June Buckley and her family have lived in the caravans for several years at the village of Willingham, near Cambridge. The local authority would not authorise the arrangement and fined her for ignoring an order to leave. She claimed that her human rights were being violated.
Mrs Buckley had turned down an offer of a place on an official site nearby on the grounds it was crime-ridden and unsuitable for her three children.
Last year the European Commission on Human Rights - in effect, a lower court - decided she had been prevented from following her traditional way of life as a gypsy, and that was a violation of her human rights. But the Court of Human Rights has disagreed, Today reported.
Mrs Buckley's solicitor, Luke Clements, said there were some technical problems with the application. She had won in the commission by a majority. The court today had said unanimously there was a case to answer, but one technical grounds, by a majority, it said there had been no violation.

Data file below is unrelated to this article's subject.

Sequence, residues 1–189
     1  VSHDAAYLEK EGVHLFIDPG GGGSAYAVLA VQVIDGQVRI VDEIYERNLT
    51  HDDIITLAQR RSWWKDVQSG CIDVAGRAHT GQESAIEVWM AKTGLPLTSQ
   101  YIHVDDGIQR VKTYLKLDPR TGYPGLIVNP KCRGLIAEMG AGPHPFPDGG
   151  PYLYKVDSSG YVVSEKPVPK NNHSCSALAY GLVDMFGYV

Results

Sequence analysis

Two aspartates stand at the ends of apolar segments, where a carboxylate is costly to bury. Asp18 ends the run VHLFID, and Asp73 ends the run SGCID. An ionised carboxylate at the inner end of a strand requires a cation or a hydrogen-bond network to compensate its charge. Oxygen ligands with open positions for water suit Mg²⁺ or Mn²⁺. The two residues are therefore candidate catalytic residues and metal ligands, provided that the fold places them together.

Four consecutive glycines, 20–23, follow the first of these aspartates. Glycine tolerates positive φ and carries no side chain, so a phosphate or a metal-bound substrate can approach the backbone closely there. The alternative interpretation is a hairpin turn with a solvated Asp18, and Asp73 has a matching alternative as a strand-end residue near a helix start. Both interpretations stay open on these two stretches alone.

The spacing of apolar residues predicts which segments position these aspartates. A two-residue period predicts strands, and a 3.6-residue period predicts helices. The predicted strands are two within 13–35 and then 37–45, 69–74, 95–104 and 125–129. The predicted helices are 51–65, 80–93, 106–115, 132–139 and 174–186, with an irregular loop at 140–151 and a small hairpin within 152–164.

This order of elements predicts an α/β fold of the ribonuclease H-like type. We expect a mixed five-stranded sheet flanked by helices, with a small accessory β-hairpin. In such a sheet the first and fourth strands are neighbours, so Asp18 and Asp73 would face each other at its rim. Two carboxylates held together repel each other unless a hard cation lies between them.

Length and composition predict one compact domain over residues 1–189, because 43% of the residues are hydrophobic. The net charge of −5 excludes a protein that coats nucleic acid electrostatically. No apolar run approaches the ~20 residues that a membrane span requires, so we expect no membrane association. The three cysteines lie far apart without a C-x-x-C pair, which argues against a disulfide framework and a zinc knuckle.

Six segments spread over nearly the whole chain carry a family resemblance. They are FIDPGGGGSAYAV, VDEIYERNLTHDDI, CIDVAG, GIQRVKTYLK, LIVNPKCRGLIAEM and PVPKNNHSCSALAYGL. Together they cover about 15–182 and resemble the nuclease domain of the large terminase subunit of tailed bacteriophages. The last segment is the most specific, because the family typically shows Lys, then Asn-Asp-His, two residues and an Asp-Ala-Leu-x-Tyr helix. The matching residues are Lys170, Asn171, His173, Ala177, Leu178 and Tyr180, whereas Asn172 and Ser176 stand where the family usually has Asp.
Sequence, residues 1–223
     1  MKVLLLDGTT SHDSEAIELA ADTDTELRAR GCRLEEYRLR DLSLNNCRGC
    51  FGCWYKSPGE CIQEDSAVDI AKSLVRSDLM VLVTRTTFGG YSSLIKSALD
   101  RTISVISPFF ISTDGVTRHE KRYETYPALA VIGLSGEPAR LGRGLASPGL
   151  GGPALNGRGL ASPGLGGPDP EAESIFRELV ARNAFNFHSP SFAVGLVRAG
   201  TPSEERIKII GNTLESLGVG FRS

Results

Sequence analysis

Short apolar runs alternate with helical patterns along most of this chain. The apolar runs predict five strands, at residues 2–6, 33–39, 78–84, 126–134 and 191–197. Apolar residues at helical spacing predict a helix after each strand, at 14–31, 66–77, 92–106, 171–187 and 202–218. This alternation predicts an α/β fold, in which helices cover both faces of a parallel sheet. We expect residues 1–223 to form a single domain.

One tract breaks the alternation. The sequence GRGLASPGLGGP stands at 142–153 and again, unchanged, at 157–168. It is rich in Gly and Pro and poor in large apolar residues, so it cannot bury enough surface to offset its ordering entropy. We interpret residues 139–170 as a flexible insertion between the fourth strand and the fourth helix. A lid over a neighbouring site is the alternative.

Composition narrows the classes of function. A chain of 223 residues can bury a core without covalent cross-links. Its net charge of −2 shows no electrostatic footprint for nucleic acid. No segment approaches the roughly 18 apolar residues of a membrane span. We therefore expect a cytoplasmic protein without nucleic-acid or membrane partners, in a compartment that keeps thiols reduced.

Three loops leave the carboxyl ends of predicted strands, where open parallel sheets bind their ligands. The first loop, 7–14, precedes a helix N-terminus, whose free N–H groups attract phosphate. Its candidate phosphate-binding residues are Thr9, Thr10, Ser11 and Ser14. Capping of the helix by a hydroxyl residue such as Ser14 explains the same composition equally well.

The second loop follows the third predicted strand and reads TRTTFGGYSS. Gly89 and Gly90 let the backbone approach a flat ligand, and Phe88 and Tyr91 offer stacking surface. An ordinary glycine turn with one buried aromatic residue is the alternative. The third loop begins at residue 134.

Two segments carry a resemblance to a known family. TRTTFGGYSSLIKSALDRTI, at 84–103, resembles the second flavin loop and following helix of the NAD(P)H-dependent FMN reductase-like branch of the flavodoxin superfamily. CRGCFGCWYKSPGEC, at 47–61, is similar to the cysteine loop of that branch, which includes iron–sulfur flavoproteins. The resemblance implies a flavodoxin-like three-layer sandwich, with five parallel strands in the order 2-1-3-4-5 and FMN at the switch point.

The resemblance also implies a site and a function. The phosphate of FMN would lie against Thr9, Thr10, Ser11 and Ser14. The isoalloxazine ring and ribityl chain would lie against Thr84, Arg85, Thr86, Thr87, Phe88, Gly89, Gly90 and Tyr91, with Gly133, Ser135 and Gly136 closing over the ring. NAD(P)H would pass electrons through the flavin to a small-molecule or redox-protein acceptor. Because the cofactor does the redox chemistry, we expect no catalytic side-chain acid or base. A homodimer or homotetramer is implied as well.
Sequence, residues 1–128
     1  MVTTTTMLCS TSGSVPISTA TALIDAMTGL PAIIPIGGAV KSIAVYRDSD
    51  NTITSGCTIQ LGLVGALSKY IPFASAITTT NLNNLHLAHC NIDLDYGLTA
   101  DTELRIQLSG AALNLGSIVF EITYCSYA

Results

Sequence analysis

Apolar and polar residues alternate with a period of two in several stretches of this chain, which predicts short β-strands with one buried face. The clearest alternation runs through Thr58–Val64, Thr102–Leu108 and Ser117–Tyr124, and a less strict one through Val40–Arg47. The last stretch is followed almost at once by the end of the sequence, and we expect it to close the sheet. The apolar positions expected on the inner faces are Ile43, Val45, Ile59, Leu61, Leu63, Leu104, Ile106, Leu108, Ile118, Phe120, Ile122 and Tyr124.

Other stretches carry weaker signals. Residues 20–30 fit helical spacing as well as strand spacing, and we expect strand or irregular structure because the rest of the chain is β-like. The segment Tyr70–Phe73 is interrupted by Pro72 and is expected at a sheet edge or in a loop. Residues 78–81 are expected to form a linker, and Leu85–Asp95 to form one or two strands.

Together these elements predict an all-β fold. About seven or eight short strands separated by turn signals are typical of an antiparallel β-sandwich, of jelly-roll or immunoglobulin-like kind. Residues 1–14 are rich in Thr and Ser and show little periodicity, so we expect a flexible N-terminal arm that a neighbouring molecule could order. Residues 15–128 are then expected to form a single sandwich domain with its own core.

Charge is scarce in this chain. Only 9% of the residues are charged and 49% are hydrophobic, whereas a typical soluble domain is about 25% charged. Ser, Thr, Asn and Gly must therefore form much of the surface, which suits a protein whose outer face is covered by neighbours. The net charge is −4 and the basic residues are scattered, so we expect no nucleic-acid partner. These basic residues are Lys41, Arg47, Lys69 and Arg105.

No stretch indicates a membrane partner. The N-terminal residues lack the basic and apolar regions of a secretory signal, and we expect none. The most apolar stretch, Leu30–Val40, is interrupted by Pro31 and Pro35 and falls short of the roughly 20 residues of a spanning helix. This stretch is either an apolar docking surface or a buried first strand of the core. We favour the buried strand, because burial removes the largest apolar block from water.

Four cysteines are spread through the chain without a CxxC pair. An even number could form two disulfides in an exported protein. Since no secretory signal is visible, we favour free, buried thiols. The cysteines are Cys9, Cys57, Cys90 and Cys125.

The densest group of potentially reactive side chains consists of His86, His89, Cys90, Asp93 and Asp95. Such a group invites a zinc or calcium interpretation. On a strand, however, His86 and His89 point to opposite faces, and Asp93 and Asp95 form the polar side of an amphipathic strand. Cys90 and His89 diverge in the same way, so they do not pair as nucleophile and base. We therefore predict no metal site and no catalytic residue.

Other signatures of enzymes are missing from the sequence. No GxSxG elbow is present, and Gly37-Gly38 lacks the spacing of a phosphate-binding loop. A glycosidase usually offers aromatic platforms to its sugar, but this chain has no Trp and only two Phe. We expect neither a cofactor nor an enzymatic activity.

Mr Clements said Mrs Buckley would go to the Court of Appeal and could reissue her complaint to Europe if she failed there.
He added: 'The reality is there are about 20 more complaints by similar people in this country, many owning their land and finding it impossible to get permission. On the judgment today some of those are bound to succeed'.